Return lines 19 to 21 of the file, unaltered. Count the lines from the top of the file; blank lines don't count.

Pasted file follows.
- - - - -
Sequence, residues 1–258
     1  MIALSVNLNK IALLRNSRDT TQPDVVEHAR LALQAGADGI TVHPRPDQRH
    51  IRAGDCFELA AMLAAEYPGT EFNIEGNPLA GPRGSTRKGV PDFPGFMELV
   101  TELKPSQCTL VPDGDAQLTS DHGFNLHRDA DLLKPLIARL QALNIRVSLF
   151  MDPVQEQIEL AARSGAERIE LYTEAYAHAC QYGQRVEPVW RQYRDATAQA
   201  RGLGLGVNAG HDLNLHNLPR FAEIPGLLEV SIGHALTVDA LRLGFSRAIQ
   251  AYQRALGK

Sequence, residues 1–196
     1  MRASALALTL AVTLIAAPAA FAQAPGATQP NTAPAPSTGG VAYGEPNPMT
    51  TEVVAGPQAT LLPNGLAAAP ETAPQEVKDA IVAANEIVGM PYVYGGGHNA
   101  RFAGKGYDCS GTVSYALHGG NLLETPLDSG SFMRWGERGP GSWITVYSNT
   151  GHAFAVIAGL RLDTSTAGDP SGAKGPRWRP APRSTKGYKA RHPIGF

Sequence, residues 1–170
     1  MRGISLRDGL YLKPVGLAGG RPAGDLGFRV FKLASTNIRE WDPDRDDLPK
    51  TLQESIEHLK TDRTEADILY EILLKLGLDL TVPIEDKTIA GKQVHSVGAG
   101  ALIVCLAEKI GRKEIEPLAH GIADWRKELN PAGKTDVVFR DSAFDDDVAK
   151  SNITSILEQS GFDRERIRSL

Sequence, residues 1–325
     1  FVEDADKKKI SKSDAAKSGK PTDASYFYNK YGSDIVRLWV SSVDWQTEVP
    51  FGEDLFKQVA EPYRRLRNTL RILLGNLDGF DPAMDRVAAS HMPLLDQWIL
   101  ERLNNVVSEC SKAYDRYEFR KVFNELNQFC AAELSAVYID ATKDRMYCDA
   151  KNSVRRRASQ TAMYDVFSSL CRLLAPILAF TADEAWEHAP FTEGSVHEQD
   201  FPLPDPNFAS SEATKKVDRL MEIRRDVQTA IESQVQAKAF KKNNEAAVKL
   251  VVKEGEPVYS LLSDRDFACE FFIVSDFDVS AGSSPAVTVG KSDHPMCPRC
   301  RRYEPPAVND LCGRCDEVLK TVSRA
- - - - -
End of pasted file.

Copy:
     1  FVEDADKKKI SKSDAAKSGK PTDASYFYNK YGSDIVRLWV SSVDWQTEVP
    51  FGEDLFKQVA EPYRRLRNTL RILLGNLDGF DPAMDRVAAS HMPLLDQWIL
   101  ERLNNVVSEC SKAYDRYEFR KVFNELNQFC AAELSAVYID ATKDRMYCDA